As a keen metal detectorist, I have approached the University of Edinburgh seeking permission to detect on the land. However, all requests have been declined. Perhaps that is best because it is quite possible that the area could be a mass burial site. But if it were ever to be excavated what secrets could it throw up? Certainly, when archaeologists and historians have investigated the area of the Battle of Bannockburn they have turned up very little physical evidence of a battle taking place there. 

But the area of the Battle of Roslin could literally be a treasure trove of information that would throw so much more light on the way battles were fought back in the early 14th century. 

If this is something that would be of interest to visitors to the Edinburgh area, then this can be incorporated into a visit to Rosslyn Chapel. From Rosslyn Chapel it is only a short 10-minute walk to the Battle of Roslin monument. The scenery is beautiful and it is so peaceful. This can be included in our Rosslyn Chapel tour or a tailored tour to your requirement. Check out our Tours page on our website.

Other Areas of Interest Nearby

Also nearby is Hawthornden Castle which has some underground caves, said to have been used by both Robert the Bruce and William Wallace during different times. Further out from Roslin, is the small village of Temple which can lay claim to being one of the earliest sites used by the Knights Templar when they were outlawed on mainland Europe. 

The Battle of Stirling Bridge

The 11th September 1297 was a major turning point in Scottish history due to the Battle of Stirling Bridge. Ever since 1286 with the death of Alexander III, Scotland had been left without strong leadership. Initially, Alexander’s granddaughter and only heir Margaret was to return from Norway to take up the throne. But sadly she died on the journey over to Scotland.

Numerous Scottish nobles claimed their right to the throne but without collective agreement no one could be chosen. Edward I of England was invited to arbitrate over the proposed contenders. Seizing his opportunity, he declared himself overlord of Scotland. At the same time he chose John Balliol to become king but only because he would be “his puppet.”

Balliol only remained King for a few years before Edward returned to Scotland in 1296 and forced him to abdicate. Edward took control of all of the major strongholds in Scotland and placed his trusted nobles in charge. This set Scotland on a path that would lead to the Battle of Stirling Bridge.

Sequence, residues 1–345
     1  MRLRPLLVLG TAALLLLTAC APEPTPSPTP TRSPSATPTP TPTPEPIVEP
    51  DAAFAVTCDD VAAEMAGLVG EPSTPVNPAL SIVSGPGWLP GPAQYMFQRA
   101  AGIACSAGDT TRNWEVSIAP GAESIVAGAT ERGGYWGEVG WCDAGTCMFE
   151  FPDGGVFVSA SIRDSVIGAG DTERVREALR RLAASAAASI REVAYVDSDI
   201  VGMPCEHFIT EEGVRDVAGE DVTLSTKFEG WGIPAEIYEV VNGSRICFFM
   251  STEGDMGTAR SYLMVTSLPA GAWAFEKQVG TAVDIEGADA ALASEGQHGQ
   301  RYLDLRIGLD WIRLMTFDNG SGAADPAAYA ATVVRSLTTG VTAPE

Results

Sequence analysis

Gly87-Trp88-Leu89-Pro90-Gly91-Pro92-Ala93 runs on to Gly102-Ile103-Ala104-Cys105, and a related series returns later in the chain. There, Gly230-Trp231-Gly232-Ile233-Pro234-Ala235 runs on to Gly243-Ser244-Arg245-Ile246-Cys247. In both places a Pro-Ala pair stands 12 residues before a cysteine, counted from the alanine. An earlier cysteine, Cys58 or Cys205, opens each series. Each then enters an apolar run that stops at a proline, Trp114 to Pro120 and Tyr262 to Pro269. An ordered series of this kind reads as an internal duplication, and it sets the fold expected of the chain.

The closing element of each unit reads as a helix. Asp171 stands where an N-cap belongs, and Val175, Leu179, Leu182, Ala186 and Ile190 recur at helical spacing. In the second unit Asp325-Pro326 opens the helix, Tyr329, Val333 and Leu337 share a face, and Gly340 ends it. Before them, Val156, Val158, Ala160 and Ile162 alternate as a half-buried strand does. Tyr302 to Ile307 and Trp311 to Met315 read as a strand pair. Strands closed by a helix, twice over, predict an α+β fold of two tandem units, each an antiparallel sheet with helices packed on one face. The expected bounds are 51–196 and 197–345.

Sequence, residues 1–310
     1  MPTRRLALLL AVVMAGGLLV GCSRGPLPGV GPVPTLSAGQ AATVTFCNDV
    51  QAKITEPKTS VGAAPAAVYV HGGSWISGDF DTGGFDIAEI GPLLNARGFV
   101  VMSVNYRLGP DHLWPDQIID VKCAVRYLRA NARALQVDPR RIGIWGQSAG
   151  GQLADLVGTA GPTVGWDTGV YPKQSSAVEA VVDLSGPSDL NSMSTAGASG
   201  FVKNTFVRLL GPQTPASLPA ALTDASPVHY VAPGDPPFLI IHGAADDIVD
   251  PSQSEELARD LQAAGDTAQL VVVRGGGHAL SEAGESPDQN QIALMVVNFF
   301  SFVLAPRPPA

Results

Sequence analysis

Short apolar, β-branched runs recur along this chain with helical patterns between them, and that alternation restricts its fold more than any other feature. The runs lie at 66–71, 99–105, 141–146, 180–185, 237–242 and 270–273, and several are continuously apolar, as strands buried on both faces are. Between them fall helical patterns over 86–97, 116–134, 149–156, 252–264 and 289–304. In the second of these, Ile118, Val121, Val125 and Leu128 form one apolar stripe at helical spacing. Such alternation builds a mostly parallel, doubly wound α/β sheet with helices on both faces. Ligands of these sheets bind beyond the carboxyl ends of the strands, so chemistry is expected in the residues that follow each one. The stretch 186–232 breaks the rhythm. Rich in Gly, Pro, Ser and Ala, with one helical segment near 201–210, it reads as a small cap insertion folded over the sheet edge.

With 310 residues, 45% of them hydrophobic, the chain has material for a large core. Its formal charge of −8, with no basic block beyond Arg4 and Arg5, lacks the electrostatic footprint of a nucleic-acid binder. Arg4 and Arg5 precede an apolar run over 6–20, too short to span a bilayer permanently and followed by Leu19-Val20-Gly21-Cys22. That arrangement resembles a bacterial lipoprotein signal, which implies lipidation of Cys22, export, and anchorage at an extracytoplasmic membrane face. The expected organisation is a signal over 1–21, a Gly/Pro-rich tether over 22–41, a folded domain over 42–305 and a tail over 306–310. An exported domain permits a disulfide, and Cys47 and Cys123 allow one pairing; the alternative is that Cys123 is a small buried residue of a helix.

However, Scotland had struggled for centuries to stand up to its much larger and more powerful neighbour. There was simply a lack of belief that they had the will, the manpower and most important of all a strong leader.Now the facts of William Wallace are difficult to establish with any sense of conviction. Much of Wallace’s story is provided by the 15th century poem written by Blind Harry. Bear in mind that this was written almost 160 years after Wallace’s death, much of its content would have been passed down by word of mouth. 

The Life and Heroic Actions of the Renowned Sir William Wallace, General and Governor of Scotland.

Blind Harry

This 12-volume work became the key reference to the life and times of Wallace and most significantly his greatest victory at the Battle of Stirling Bridge.

By the time the Battle of Stirling Bridge took place, William Wallace had been slowly building his army. It was not a conventional army in terms of its size. It certainly wouldn’t have been capable of fighting a full-scale battle on the battlefield against Edward’s army. Instead, Wallace resorted guerrilla-style warfare. With much smaller groups of fighters, he would lay traps and ambush English convoys. He and his men became the proverbial “thorn in the side” of the English army. 

The increasing uprising suffered a blow when many of the Scottish nobles submitted to the English in the July of 1297. But Wallace joined forces with another rebel, Andrew Moray, and together they achieved their first victory at the siege of Dundee. 

Stirling Castle
Stirling Castle

This victory gave them the impetus to challenge for the “jewel in the crown.”  Stirling Castle was strategically important for any army if it wanted to control the gateway to the north of Scotland. The Castle itself, like Edinburgh Castle, towered over the surrounding area and was easily defended. More importantly, it controlled the bridge that allowed access over the River Forth. 

The only problem for Wallace and Moray was even with their combined forces, they were still vastly outnumbered by the English army at Stirling. Timing was key. Wallace somehow had to entice the English army from the Castle down onto the plain below. This would mean that the English army would need to cross over the bridge. It was not substantial, barely able to allow two cavalrymen to cross side by side. 

Abbey Craig

However, from the vantage point of the Abbey Craig (the location of the Wallace Monument), Wallace was able to monitor English movements. Over a period of several hours, the English moved their cavalry and infantry over the bridge.  Seizing the moment, Wallace and Murray then brought out the rest of their army and charged at the English. In a panic, the English turned tail despite being trapped in the loop of the river. At the same time, Wallace and Murray sabotaged the bridge.

It was a major defeat for the English, with many being killed on the battlefield, and the remainder drowning in the river. The remainder of the English army back in the Castle immediately retreated back to Berwick. This left the Castle back in Scottish hands and was to instil a new-found confidence in the Scots. Wallace and Murray were appointed Guardians of Scotland. Sadly, Murray died only a few months later from wounds sustained at the Battle of Stirling Bridge. And within a year, Edward I brought an even larger army to Scotland and defeated Wallace’s forces at Falkirk.

Edinburgh Cab Tours provide tours of Stirling Castle and the surrounding areas. Alternatively, let us know what you wish to visit and we will tailor the tour to your requirements. For further details go to our TOURS page.